North American River Otter

Lontra canadensis
American River Otters Picnic Springs

The river otter belongs to the weasel family, and is equally versatile in the water as on land. It can be seen on the refuge in many of the ponds, streams and lakes. It establishes a burrow close to the water's edge in river, stream or lake. At the refuge, it has been seen living beneath a dam (a muskrat's den) and between rocks next to a spring. The den typically has many tunnel openings, one of which generally allows the otter to enter and exit the body of water. Female otters give birth in these underground burrows, producing litters of one to six young.

The North American river otter is a predator. Fish is a favored food among the otters at the refuge due to its availability. An adult otter can eat up to 2 to 3 lbs of fish per day. Insects and small amphibians (like frogs) are also consumed. The otters usually like the small and more abundant fish rather than the larger trout. Instances of river otters eating small mammals and occasionally birds or ducks have been reported as well.

River otters are well designed for life in the water. They are streamlined with small heads and a neck the same width as the head. The ears are round and small and don't protrude so they reduce drag while swimming. Their legs are short and strong and their toes are webbed. They have thick fur (375,000 hairs per square inch) that serves them well in cold temperatures. They have long guard hairs that remain pliable in very cold weather, and the dense underfur traps air to insulate it in water. The Northern River Otter can dive to 45 feet and stay underwater for minutes.

Otters have specialized teeth, including sharp canines and carnassials (modified fourth upper premolar and the first lower molar) that inflict lethal bites to prey. Also, river otters have large molars used for crushing hard objects, such as the shells of mollusks. An adult river otter has a total of 36 teeth.

River otters are active all year and prefer to be active during the dusk, night and dawn hours. They are quite active as they move through the water in search of food and climb onto land to dry, eat, do bathroom duties and to rest. They get by on land very well by walking, running, bounding, or sliding. They can especially slide on ice efficiently. Otters can move large distances in a day, but most often travel only 2 to 3 miles in a day in search of food. Otters do not migrate but stay year round in the refuge.

Male river otters often have 2 or more female partners. A female otter is fertile for about 1 month per year. They breed between December through April. Otters utilize delayed implantation whereas after sex the fertilized egg is held in a sort of hibernation until the time is right for birth. The actual gestation after implantation is only about 60 to 64 days. In this way, it can be 10-12 months before birth after impregnation occurs. Young are usually born between February and April, the later occurring in areas with restricted winter food supplies. Female otters give birth in a den. They do not make or dig their own dens, but find holes created by other mammals, like badgers, beavers, red fox, or muskrats (all of which are on the refuge.) They line their dens with leaves, grass, moss, bark, and hair. Otters usually have from 3 to 6 pups which are delivered fully furred, blind and toothless. Weaning occurs at 12 weeks, but females (without the help of the males) continue to provide food for their young for almost 3/4 of a year after birth. Physical maturity is reached between 3 and 4 years old.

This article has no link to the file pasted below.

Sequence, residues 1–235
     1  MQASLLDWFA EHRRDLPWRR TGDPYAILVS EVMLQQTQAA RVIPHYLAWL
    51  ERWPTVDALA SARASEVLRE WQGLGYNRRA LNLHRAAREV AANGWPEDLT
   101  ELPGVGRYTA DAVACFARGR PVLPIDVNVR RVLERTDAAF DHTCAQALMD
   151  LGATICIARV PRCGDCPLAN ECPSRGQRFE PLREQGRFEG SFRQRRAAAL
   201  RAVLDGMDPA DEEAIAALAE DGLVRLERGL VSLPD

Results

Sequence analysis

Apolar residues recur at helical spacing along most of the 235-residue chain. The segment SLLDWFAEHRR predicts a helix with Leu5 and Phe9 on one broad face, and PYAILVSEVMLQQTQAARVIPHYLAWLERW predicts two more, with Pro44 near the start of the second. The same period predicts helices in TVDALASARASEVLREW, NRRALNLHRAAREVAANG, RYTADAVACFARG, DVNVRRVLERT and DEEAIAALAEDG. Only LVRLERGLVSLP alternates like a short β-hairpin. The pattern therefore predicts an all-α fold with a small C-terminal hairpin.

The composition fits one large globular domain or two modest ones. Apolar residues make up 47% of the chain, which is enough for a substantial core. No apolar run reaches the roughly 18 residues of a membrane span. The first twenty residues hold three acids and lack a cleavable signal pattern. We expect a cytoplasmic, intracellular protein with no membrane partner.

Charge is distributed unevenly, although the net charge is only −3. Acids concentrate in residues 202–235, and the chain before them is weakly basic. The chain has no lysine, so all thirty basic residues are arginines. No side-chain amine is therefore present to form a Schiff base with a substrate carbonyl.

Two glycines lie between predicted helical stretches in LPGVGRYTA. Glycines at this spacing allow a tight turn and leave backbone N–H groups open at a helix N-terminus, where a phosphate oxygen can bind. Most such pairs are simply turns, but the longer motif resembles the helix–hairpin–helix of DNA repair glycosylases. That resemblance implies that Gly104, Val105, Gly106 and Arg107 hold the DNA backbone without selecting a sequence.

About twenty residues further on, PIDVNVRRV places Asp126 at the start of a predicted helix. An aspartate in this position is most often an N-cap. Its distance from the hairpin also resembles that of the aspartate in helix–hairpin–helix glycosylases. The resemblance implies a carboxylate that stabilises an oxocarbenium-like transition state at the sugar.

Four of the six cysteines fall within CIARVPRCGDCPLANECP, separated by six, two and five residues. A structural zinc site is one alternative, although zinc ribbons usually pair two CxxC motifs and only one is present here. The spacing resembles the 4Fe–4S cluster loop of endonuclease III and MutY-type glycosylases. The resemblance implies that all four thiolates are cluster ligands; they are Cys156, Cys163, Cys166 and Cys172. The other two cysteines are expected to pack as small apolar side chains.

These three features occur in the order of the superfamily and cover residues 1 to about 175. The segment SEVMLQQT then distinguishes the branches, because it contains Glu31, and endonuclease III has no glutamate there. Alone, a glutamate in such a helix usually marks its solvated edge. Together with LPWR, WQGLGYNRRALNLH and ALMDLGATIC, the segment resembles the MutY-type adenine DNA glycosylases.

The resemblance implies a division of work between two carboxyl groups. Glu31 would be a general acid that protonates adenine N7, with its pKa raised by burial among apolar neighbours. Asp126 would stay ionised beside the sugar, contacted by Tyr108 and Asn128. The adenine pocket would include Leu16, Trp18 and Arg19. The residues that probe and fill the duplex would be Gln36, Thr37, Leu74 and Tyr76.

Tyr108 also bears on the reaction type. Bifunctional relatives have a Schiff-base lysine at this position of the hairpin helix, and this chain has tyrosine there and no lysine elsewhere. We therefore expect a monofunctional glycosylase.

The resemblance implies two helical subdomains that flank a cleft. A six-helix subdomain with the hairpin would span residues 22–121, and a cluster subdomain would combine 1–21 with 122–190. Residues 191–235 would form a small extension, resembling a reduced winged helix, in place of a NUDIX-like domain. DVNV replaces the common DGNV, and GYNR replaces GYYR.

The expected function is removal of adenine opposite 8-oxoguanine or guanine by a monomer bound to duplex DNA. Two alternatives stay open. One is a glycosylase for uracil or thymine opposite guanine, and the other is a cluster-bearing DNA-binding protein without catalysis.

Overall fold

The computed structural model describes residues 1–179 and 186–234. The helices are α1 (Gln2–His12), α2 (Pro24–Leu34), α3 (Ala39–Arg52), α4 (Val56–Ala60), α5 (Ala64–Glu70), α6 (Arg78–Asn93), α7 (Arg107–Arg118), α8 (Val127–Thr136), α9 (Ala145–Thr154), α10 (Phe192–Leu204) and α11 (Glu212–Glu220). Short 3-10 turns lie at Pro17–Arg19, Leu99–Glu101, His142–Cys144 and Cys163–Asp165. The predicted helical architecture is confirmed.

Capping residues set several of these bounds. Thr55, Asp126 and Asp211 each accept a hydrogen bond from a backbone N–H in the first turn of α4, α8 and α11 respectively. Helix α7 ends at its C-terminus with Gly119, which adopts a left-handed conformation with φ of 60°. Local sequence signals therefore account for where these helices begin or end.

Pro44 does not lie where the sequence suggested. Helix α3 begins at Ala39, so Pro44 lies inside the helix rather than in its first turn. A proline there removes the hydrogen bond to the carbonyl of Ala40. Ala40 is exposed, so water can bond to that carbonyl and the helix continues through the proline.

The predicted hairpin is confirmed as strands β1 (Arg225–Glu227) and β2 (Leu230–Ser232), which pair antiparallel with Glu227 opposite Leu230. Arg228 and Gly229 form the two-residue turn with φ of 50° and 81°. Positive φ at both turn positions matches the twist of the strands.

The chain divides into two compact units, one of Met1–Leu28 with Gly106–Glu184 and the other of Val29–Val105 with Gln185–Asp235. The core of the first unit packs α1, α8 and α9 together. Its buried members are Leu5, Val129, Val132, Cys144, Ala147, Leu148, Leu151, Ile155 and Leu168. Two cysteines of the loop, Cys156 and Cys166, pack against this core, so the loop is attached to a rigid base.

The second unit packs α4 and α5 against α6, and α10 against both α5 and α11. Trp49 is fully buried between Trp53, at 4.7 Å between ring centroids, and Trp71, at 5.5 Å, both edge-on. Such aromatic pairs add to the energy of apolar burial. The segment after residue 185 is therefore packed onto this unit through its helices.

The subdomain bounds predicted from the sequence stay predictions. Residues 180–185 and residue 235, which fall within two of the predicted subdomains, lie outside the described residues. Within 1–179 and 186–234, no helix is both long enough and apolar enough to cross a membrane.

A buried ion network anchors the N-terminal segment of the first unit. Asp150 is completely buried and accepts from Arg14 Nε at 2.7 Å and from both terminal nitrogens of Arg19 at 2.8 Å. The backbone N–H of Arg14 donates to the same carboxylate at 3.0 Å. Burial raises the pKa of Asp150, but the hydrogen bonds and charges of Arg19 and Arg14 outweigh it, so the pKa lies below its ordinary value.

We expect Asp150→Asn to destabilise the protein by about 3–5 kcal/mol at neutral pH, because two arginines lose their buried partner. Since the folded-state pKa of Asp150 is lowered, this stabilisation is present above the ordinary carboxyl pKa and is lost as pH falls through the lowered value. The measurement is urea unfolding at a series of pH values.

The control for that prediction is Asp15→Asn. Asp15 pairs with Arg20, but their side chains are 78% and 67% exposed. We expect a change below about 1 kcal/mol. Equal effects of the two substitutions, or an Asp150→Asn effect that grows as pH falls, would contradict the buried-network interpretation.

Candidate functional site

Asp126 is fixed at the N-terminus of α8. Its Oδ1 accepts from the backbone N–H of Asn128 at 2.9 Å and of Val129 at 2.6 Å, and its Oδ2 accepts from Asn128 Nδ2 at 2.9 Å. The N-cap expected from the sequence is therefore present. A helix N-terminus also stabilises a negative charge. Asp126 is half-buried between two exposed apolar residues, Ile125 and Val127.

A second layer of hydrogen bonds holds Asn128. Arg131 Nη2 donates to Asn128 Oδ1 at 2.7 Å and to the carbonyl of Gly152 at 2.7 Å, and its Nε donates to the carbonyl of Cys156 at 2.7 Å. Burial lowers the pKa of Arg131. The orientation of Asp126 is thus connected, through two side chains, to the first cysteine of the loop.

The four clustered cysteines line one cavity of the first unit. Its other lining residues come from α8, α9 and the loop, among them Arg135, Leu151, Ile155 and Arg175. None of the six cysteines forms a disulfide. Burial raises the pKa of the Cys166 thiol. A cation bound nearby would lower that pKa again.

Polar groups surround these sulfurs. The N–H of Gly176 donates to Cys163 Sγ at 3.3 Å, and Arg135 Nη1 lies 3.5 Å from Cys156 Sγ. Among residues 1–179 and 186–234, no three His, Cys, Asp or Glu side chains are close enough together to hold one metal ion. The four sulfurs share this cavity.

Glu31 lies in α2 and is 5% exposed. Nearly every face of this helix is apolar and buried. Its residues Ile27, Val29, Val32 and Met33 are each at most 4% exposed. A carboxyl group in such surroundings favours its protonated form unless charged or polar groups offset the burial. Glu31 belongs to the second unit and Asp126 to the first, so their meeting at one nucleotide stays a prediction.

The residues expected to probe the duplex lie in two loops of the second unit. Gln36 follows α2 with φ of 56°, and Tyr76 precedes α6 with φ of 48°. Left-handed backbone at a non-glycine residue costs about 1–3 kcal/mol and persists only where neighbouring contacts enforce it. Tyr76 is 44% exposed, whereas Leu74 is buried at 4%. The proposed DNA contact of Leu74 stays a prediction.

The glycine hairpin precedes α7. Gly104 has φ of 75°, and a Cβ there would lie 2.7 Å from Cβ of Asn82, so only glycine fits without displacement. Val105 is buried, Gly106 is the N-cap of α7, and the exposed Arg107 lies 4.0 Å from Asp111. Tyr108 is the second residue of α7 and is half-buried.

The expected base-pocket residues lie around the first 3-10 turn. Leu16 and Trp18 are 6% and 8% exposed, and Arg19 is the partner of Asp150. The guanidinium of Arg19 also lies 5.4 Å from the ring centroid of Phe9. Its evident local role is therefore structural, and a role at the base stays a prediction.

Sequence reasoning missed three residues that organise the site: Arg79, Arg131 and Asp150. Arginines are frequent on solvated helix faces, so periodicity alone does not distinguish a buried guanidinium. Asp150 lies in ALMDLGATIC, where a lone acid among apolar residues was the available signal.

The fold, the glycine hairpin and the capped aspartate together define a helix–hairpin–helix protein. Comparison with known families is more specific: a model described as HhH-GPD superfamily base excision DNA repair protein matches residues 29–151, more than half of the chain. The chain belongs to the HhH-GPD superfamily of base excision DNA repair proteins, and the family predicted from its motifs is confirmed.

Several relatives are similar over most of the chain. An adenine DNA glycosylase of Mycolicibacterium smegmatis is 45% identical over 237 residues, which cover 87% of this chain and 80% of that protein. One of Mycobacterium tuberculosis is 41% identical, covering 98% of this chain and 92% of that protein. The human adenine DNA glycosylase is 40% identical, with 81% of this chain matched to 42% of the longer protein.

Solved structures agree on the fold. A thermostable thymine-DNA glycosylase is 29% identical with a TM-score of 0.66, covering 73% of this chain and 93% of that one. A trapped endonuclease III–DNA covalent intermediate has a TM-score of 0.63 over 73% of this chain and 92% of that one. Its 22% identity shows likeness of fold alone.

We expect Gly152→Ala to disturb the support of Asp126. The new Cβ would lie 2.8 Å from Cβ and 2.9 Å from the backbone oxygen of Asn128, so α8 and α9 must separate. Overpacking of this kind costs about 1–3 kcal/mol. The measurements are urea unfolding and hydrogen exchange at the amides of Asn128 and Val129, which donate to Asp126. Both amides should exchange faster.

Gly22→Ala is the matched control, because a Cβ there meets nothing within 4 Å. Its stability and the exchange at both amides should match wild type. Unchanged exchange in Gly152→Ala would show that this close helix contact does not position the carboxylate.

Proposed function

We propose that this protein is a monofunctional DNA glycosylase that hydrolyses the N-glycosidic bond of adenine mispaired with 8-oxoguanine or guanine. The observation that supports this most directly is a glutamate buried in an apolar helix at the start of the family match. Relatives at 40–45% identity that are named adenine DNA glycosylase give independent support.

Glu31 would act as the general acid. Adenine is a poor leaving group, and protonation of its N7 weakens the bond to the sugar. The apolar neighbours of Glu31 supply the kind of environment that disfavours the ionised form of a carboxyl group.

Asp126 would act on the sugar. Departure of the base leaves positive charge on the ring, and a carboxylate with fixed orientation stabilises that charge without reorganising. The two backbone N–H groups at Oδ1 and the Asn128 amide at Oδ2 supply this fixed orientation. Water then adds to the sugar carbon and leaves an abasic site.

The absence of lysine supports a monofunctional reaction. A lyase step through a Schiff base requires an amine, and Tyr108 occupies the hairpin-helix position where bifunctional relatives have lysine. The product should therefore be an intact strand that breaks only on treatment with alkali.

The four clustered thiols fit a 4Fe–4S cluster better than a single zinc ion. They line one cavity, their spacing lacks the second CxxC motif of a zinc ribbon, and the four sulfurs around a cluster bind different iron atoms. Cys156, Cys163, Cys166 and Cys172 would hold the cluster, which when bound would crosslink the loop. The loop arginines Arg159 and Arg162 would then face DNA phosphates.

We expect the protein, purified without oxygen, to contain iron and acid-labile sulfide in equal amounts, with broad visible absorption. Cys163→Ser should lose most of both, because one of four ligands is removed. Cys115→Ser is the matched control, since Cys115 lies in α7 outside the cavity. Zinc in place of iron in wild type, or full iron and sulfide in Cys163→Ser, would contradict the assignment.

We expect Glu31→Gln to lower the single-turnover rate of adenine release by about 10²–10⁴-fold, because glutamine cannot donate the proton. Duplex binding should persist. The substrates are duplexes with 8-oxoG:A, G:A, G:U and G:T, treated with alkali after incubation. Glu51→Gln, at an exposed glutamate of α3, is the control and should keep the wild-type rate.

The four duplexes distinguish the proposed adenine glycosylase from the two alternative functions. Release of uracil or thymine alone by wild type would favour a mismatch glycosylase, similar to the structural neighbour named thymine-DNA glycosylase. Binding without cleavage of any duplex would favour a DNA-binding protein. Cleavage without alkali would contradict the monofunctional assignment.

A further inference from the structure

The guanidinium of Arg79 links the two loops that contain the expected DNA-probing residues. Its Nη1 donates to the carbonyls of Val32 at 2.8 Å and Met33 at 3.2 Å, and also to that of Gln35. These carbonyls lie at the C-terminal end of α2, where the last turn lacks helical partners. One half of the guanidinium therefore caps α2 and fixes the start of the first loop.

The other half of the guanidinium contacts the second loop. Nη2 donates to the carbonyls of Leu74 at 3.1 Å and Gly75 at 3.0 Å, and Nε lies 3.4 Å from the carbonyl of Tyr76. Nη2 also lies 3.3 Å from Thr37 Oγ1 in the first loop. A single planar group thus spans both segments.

Otters are known for their playfulness. They can often be seen at the refuge playing chase or wrestling in the water. The young otters play to practice survival as adults. They communicate with each other by smell and sound. The otters mark their surroundings with various secretions that indicate various emotional states, like fear, or anger. They can vocalize and the most frequent sound heard among a group of otters is a low-frequency chuckling. For long distance communication they use a birdlike chirp.

Beside the typical many threats from human populations and encroached eco-systems, the otters are threatened by predators when on land, such as,the bobcat, mountain lion, coyote, gray wolf, black bear and red fox. They have no predators when in the water.

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Facts About North American River Otter

Diet: fish, insects

Size: weighs 11-31 lbs, male: 26 to 47 inches long

Lifespan: 8 to 13 in the wild; 25 years in captivity.

Social Structure: Family, headed by female; move in groups.